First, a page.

There has always been something about the stars and the night sky that has simultaneously inspired and frightened me. I know I’m not the only one; my oldest son has an amateur telescope that he just brought to my house from his dad’s – and I seriously need to sneak some looks through it – and we are huge Dr. Who fans! While I don’t have the constitution to be an astronaut – a childhood dream after watching Halley’s Comet in my youth – I have been newly motivated to stargaze where the views are most beautiful – where the night is darkest.
Yesterday was the harvest moon, one of the most beautiful and largest I ever remember seeing! I wish I had taken pictures, but as I was driving into the horizon, it’s probably all for the best that I refrained from capturing it on camera! This moon, along with a program on NPR I listened to a few weeks back, has refueled my desire to spend time in wide-open, dark spaces – what might they have talked about you may ask? Well, they were talking about the night sky and how we are actually losing it because of the brightness of the lights in the modern world. I think this is a fascinating situation that People Are Not Talking Enough About!
Who does not love looking into the sky and seeing the multitude of dots and stars across it trying to filter out the shapes of various constellations? Who would willingly cover this up? Well, that’s exactly what all this light pollution is doing. It’s hiding the natural wonder of the sky from us – Galileo would be disappointed…
As humans, we naturally fear the dark – the shadows – and this fear has allowed us to survive as a species for thousands of years. But, it is this very fear that is adding to the loss of the night sky. We illuminate cities pretending that all the light will keep terrible people from doing bad things when the brilliance of the streets actually CREATES shadows for lurking strangers while concurrently killing our night vision to sense the danger.
Additionally, when the night is lightened, our health is adversely affected! This incessant brightness is apparently messing around with our internal clocks and we are losing the ability to create melatonin in our bodies.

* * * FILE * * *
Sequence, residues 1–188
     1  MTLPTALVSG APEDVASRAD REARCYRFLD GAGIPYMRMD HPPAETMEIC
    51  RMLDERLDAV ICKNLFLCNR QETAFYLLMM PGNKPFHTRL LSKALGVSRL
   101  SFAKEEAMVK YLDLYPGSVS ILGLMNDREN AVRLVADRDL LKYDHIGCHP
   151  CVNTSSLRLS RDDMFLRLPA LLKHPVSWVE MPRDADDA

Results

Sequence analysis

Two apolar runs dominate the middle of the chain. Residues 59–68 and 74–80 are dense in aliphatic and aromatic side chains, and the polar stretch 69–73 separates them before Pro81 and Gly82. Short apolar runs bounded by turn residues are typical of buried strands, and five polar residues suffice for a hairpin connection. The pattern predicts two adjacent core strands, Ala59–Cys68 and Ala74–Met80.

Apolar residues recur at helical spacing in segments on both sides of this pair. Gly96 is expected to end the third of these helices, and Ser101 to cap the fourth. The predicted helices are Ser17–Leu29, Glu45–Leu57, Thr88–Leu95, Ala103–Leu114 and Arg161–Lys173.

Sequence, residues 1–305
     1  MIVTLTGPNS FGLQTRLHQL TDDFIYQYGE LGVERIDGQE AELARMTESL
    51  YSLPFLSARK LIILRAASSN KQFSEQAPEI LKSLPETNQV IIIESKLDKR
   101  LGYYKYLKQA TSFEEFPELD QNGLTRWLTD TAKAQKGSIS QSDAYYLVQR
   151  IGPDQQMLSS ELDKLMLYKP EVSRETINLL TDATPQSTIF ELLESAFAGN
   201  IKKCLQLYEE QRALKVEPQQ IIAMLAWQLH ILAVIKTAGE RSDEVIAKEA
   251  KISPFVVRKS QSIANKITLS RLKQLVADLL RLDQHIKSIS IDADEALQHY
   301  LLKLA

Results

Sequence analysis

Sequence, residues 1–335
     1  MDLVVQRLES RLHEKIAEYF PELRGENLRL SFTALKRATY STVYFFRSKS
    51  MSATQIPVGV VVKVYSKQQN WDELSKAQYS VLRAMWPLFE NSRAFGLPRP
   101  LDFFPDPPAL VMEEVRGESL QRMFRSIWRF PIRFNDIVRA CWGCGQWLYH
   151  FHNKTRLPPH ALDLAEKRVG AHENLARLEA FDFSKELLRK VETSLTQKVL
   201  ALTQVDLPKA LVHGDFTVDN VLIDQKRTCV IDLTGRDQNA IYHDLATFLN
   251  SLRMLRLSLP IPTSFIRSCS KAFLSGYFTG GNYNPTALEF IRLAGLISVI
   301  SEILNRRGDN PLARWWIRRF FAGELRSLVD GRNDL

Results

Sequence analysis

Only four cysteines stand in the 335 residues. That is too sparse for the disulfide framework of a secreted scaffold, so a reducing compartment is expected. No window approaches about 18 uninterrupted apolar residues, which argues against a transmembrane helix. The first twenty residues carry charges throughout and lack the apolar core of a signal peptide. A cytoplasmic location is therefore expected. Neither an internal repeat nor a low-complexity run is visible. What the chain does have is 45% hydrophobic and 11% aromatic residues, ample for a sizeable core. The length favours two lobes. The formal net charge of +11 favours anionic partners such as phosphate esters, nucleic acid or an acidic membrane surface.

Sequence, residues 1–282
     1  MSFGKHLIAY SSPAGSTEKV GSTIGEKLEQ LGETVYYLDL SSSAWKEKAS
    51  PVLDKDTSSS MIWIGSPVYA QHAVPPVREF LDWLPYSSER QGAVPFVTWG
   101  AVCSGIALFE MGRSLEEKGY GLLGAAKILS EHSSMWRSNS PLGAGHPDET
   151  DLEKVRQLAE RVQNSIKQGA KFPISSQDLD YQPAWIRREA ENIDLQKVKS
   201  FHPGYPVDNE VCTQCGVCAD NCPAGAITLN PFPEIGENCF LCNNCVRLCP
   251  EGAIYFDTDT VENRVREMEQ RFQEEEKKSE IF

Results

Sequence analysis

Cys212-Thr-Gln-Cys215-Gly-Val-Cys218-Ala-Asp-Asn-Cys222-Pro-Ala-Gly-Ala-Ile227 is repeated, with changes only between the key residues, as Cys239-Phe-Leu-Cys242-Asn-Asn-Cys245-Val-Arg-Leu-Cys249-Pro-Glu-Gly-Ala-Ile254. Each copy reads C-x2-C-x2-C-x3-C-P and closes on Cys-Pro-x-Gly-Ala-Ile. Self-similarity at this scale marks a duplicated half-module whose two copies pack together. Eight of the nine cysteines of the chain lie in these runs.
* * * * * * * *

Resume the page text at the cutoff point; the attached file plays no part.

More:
Purchase those blackout curtains people and get rid of your electronics!
The blue light on our personal device screens, the television, the fire detector, the neighbors back light, etc… is diminishing our God-given human abilities to survive in the dark without light – How will I wake up in the morning for work!!
I know that I live in a country-ish suburb of the Atlanta area, and while there is light pollution at night where I am, it’s just country enough that we can see some of these wonderful star formations as opposed to those unfortunates in Atlanta proper. *sigh* Since I have to leave the house before 6 am, I’m able to look up and see what the heavens have to offer visually. However, is that satisfaction enough for our systems? I believe that periodically we need to recharge ourselves to live with nature – much like Thoreau when he went out to live in the woods for a two year time span to see how close to nature he could become to avoid the effects of industrialization. And how far into industrialization we have become!
Therefore, I have decided that I truly want the next family vacation to be out West.
There’s a twofold reason for this, since my sisters and my mother live out in that direction, however, there are also several locations sections of the West recognized as having the darkest sky, meaning one has the ability to see the universe at night and with more clarity than anywhere else in the world. Apparently, according to the newscast, there are only 25 such places in existence throughout the world. So, with this in mind, I would like to go and see one of those dark places where I can regain my night vision and see constellations that have been deprived from much of the world because of light pollution.
I will have to further investigate these locations to see the camping situation and the regulations and what not, however there is a Utah National Park that has awesome formations and framing for the night sky that I think would make an adventurous family trip as we revel in the universe in the dead of the night in one of the darkest places in the world with perhaps only a red light to help see our path. My sons would love to visit the Dinosaur National Monument (which was mentioned in the NPR program), if not just for the name! For world travelers, there is a location in Scotland, outside of Edinburgh that has now gained a dark space classification – as if I really need a reason to want to visit Scotland…
Not only will this help us reset our internal clocks as we experience nature in the nighttime, it will also help us regain the sense of night vision while bringing us back to how our ancestors saw the world. I can’t imagine that 100-150 years ago this was even an issue, however, locals free of light pollution are becoming rare and the governments are now becoming involved.
I couldn’t imagine living in a world with no stars, so I better bring my children to a place where they can view them perfectly for maybe the only time in their lives.
**No One Paid Me Anything To Mention/Link Them – This Just Looks Really Awesome!!**